Lecrae in Athens: Is the Cultural Rebel Still Unashamed of the Gospel?
As a fan of Hip-Hop and born again Christian, I love gospel-centered rap music. I became a believer at Howard University in late 2004, and when a friend in my dormitory introduced me to Corey Red and Precise’s “Resistance Iz Futile” and Da’ T.R.U.T.H’s “Moment of Truth” albums — I was hooked. I’ve been a sucker for good news spit over dope beats ever since.
It has been very exciting to see the evolution of Christocentric lyricism over the years. Christian rap, in its early years, struggled for consistent quality on par with what was being produced in mainstream rap. But the tide would begin to change with the arrival of Cross Movement Records. Cross Movement would soon build a reputation for producing quality Christian rap that Christians could play in front of their non-believing friends without shame. The label would produce several Grammy nominated artists and help introduce the world to some of the biggest names in Christian rap today.
Standing on the backs of their predecessors while trailblazing their own course for success, we find Reach Records (RR). Co-founder of RR and Reach recording artist, Lecrae, has experienced the most mainstream exposure for Christian rap artists to date. Lecrae has been featured in mainstream rap media, and has worked with several mainstream rap artists. He was invited to perform at the 2011 BET Hip-Hop Awards, and took home the Grammy for Best Gospel Album at the 2013 Grammy Awards.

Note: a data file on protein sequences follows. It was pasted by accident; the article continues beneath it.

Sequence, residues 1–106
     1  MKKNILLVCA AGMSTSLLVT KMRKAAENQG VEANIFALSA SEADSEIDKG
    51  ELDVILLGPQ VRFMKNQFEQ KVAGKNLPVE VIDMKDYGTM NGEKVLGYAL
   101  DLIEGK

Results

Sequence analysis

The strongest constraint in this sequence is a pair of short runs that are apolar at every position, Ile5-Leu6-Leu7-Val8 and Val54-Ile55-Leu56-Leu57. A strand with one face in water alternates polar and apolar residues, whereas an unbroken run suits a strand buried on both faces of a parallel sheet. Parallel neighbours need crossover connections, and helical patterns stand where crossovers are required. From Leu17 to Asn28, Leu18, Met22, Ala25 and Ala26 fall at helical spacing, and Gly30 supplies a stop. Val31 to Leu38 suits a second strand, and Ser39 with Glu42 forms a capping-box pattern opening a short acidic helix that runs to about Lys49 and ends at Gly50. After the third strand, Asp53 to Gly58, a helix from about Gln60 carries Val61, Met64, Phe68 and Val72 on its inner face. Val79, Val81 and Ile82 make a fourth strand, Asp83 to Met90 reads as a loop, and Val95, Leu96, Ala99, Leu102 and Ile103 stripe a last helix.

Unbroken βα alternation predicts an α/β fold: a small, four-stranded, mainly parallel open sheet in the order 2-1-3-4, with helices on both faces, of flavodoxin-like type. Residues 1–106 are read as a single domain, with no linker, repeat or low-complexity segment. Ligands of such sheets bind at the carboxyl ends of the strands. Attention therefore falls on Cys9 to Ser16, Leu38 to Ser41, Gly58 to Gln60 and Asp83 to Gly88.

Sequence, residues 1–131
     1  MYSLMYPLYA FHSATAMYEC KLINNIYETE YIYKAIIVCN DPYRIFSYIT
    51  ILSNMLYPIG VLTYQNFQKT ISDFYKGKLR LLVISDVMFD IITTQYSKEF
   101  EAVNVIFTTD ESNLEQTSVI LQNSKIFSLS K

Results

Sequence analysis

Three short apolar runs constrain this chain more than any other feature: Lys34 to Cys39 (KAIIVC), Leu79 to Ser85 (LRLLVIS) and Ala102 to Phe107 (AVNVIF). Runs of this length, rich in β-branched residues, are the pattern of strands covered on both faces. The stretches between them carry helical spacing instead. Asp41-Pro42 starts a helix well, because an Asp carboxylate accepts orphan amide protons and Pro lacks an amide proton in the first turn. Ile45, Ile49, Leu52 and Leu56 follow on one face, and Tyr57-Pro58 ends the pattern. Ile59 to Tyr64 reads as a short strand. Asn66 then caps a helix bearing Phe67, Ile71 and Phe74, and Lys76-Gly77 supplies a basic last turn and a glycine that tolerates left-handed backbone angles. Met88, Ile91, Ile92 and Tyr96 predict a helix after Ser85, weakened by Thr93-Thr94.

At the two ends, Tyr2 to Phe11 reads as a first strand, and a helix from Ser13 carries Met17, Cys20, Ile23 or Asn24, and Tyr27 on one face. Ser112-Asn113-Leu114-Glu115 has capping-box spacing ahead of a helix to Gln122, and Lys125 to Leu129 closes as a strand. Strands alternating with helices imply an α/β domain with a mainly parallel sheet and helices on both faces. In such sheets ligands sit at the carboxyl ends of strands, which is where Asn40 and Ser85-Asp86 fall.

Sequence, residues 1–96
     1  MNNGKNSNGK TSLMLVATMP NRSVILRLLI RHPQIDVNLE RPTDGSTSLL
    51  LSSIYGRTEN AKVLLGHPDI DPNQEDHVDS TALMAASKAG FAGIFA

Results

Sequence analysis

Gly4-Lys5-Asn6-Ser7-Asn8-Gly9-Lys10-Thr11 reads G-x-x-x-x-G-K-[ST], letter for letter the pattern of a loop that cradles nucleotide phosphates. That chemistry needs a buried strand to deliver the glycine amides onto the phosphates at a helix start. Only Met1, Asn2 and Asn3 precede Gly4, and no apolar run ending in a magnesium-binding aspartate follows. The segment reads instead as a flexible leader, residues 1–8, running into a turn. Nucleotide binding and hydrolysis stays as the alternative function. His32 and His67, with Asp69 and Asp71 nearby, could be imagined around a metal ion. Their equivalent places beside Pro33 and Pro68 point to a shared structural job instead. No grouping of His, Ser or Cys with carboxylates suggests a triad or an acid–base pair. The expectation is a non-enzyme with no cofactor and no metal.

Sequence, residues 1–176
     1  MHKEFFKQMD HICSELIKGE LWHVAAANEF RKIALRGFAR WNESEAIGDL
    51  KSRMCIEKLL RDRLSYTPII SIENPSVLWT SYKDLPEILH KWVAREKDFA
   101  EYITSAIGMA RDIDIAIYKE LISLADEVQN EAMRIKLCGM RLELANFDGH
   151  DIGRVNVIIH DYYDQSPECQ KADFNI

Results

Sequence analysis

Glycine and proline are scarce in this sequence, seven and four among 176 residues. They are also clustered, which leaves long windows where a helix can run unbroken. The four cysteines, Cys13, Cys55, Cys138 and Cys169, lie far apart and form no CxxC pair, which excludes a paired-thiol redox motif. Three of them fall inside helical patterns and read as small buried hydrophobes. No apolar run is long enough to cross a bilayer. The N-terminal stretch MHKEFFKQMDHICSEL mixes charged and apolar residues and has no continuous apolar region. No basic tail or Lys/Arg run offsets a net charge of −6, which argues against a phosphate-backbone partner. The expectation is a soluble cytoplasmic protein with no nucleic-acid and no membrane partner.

Lecrae’s mainstream success has caused the Christian Hip-Hop community to wrestle with a new set of questions: How should Christian rappers witness to secular rappers in the music industry? Is a Christian rapper compromising his faith if he makes music that is less theologically explicit? Is it wise for a Christian rapper to make music with rappers who are unrepentant about the rebellious art that they make? Should a Christian rapper openly criticize other secular rappers for the music they produce? Should the term “Christian rapper” be jettisoned in an attempt to avoid certain negative assumptions?
Lecrae’s decisions in response to these questions have been highly controversial. He has purposely chosen to make some songs that are less theologically explicit, work with artists who, in their own careers, produce ungodly music; he has chosen not to criticize secular artists when asked his opinion of their work, and has openly refused to be designated a “Christian rapper.”
In response to the outcry, Lecrae has addressed the controversy, insisting that while the direction of his music may have changed, the mission to reach people for Christ still remains the same. This hasn’t calmed the fears of some saints, however, many of whom are now convinced that the man who encouraged them to boldly yell Romans 1:16 to the world might himself actually be ashamed of the gospel.